Johnson & Johnson (J&J) is fighting a patient lawsuit and seeking to have it dismissed on the grounds that the company did warn patients of the potential for metal erosion and the need for revision surgery.
This California case was filed by plaintiff Loren Kransky in December 2010, just after J&J subsidiary, DePuy, voluntarily recalled its ASR hip prosthesis and resurfacing devices.
J&J’s summary judgment seeks to have the case thrown out of court because as Mass Device reports from court documents, “There is no evidence that Mr. Kransky’s ASR XL hip implant was negligently manufactured.”
The company says that there were instructions that came with the ASR XL hip that warned of the risk of metal ions being released into the patient.
Mr. Kransky’s lawsuit accused DePuy of aggressively marketing the ASR XL hip even after data showed high revision rates among patients. The company assured patients the device was safe and effective even though it was failing well in advance of its promised 15-year life span.
Kransky said if DePuy had recalled the hip device when it began receiving complaints, he would not have received the implant and not have suffered debilitating pain, immobility, inflammation, infection and the need for revision surgery.
The plaintiff filed a strict liability manufacturing defect, negligent recall, negligent manufacture, strict liability failure to warn and negligent failure to warn case against J&J. His trial was set to begin in January 2013.
The ASR is a metal-on-metal hip made up of chromium or cobalt. Metal ions can result when the socket and ball rub against each other. These microscopic metal particles destroy muscle and tissue causing infection and necrosis or tissue death, which ultimately loosens the hip. It then must be revised or replaced. High levels of metal ions can also lead to cardiac and neurological problems.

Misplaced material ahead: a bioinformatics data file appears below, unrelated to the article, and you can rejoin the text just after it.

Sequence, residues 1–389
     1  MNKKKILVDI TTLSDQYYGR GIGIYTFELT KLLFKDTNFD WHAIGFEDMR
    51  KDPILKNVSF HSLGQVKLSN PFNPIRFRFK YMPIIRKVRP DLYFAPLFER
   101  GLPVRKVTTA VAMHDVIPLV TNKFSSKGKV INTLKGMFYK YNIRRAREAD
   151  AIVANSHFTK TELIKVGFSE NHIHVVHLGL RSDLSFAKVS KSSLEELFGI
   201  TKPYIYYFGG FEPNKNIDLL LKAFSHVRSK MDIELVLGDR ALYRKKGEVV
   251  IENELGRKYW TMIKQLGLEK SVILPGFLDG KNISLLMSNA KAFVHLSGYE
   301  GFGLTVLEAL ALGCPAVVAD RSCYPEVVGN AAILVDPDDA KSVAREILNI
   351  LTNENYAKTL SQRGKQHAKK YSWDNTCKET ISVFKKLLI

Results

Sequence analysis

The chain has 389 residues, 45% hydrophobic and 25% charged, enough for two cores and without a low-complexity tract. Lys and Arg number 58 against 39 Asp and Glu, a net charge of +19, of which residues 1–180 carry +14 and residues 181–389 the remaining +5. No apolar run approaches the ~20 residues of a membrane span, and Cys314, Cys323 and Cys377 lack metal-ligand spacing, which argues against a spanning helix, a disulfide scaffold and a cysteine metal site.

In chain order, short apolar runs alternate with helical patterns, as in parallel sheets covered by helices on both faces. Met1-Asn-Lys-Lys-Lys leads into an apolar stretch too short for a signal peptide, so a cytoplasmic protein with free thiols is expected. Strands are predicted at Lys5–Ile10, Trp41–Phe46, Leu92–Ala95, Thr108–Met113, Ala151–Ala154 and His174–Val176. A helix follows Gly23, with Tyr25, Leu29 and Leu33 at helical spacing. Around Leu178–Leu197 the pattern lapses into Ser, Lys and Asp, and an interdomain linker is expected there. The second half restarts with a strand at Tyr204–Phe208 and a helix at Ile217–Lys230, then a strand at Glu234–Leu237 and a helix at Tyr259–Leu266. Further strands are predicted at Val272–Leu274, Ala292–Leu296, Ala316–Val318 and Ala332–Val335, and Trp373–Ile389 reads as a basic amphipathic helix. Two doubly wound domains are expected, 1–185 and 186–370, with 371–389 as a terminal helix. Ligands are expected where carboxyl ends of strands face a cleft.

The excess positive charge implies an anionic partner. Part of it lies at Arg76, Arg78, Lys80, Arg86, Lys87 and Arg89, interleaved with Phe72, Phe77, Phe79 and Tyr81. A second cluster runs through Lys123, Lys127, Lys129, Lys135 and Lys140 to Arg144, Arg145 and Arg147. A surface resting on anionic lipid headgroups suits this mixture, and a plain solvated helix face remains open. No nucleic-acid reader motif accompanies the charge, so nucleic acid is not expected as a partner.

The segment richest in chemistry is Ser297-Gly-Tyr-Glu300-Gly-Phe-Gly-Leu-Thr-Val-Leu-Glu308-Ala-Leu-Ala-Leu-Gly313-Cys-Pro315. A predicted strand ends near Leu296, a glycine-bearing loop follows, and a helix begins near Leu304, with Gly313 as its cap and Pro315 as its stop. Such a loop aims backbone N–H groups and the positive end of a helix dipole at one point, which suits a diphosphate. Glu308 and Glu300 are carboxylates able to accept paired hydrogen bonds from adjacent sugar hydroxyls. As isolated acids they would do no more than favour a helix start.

The ASR system was approved by the 510(k) process within the FDA, which is largely a hands-off regulatory process relying on the honesty of the device maker, in this case, Johnson & Johnson. An Institute of Medicine report last year said the 510(k) fast-track approval process was “fatally flawed” and should be done away with.
The ASR Hip Resurfacing System and the ASR XL Acetabular System were eventually recalled on August 24, 2010 affecting more than 96,000 patients.
As of November 1 there were nearly 6,000 product liability lawsuits filed against DePuy and consolidated in multidistrict litigation in the Northern District of Ohio.
Searcy Denny knows of other metal-on-metal hip prosthesis that remain on the market even though we are hearing of similar complaints. Biomet’s M2A Magnum MoM hips remain on the market even as lawsuits against the maker have been consolidated in a federal court in Indiana.
It’s estimated about 500,000 patients have received MoM hips. The FDA has received about 7,500 complaints about the A.S.R. which does not include patients from other countries.